In a complex business dispute between four different corporations, involving multiple lawsuits and arbitrations, top level directors of a corporation are left without coverage under their D&O insurance policy after personally being made defendants. A recent opinion by the U.S. Court of Appeals for the Eighth Circuit explained why decisions about litigation strategy early on in the case led to a situation where the directors were left with no choice but to pursue an all-or-nothing approach. Without being able to consider alternative approaches, the Eighth Circuit opted to award nothing to the directors.
The Court spent several pages cataloguing the labyrinthine history of the dispute, which involved a fight over wind turbines manufactured by a South Korean company. The directors got personally dragged into the fray based on allegations that a financing agreement had been breached. There were motions to compel arbitration granted and denied, appeals to the Eighth Circuit taken, arbitrations held, a counterclaim filed, and more litigation commenced.
In the most recent chapter of this corporate saga, the directors were suing their D&O insurance company claiming entitlement to coverage for the mounting expenses with all of the above. The Eighth Circuit explained that in their complaint, the directors strictly pursued an all-or-nothing approach to seeking coverage. It wasn’t until filing a reply in support of their motion for summary judgment that the directors raised alternative theories to going-for-broke, proposing for the first time that instead of 100% coverage under the D&O policy they should be allocated 82% or 40% coverage. The Eighth Circuit explained how the directors had failed to conform the complaint to the facts, and pointed out that they had not filed a Rule 15(b) motion in district court.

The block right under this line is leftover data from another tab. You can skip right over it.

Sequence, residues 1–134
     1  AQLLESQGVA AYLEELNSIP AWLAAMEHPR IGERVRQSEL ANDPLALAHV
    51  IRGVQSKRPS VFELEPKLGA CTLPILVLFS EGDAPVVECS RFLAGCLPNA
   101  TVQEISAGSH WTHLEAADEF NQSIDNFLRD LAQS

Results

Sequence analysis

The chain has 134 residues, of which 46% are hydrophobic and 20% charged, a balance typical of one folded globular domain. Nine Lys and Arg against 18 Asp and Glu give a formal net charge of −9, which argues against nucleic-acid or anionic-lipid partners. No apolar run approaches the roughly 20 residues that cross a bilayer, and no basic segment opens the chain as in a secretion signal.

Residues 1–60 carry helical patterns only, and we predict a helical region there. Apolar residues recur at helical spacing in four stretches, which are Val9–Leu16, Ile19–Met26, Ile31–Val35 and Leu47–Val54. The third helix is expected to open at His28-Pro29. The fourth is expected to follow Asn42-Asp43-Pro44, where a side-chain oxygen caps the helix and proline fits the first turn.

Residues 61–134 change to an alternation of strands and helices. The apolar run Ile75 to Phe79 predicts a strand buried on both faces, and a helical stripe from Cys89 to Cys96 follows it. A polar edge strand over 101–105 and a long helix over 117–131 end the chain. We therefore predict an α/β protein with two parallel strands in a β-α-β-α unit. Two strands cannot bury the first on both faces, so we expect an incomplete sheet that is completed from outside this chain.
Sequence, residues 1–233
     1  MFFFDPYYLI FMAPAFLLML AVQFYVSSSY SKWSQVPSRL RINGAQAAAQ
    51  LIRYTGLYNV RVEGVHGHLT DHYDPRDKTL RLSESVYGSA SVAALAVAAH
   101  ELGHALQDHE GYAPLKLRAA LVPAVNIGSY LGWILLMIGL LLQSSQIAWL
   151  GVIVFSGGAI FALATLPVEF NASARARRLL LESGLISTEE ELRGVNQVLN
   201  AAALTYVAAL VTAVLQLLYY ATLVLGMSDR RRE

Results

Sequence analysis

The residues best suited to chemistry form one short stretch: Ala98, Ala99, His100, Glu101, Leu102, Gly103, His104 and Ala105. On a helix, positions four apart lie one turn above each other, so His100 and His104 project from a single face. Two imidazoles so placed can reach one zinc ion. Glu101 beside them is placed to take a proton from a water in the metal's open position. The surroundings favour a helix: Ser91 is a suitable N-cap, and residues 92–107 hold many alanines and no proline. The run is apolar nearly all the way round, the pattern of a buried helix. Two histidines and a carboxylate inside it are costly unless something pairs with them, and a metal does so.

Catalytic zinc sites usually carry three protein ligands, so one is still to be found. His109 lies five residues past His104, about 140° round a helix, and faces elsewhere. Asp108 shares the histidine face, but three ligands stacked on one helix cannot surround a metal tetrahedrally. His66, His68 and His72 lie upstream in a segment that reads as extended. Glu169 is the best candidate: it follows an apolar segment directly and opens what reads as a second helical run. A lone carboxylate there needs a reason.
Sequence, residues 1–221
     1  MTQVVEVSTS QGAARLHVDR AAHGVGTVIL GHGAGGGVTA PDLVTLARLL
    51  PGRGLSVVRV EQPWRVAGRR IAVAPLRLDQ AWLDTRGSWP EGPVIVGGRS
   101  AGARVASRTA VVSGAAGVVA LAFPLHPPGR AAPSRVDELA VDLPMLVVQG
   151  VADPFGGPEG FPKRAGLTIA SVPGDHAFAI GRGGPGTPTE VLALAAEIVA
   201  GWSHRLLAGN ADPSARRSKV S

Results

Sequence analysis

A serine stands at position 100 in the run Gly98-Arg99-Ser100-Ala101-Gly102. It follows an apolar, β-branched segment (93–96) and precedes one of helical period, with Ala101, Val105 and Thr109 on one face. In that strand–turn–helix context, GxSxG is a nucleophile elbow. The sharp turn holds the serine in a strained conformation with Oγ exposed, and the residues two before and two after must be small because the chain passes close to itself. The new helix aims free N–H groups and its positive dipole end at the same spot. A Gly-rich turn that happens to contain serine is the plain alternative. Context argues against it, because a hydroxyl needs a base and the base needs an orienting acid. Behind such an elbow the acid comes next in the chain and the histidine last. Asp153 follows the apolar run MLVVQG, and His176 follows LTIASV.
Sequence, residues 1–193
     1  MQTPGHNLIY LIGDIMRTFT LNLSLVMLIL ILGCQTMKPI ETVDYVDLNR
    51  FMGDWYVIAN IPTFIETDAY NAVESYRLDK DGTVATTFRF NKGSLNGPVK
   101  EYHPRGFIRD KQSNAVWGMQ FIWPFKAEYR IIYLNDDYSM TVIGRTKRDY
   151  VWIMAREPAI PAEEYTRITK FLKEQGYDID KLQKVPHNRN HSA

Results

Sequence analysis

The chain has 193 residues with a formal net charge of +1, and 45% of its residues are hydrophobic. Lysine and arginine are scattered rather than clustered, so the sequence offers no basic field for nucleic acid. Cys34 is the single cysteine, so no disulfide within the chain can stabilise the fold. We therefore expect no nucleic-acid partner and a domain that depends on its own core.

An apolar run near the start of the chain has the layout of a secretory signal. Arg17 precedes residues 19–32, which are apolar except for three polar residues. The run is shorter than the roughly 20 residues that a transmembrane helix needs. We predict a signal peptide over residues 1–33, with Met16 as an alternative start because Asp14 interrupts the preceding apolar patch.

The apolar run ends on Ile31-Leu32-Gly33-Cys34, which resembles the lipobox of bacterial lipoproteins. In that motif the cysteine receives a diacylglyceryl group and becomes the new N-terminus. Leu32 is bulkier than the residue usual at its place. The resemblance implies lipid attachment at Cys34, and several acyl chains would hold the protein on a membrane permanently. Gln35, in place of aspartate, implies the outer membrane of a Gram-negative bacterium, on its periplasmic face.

A cautionary tale, this case is quite instructive. Although there is nothing like the benefit of hindsight, there are many steps that litigators can take early on to insulate against being boxed into an all-or-nothing situation. For example, a thoroughly pled complaint can prove to be a broad launching pad from which to mount a successful case. By starting off too narrow, a litigant may foreclose alternative theories that could have later turned out to be partial wins. A partial win is no one’s first choice, but leaving the door open to such a possibility looks attractive when the first plan of attack doesn’t work out. Whether by strict adherence to the law, or through a desire to find an equitable solution for all, sometimes a judge can be persuaded to compromise and take the middle ground. In complex litigation, leaving that option open can be a prudent litigation move.
Case Reference: Brand, et al., v. Nat’l Union Fire Ins. Co. of Pittsburgh, PA, No. 18-1372 (8th Cir. Aug. 16, 2019).
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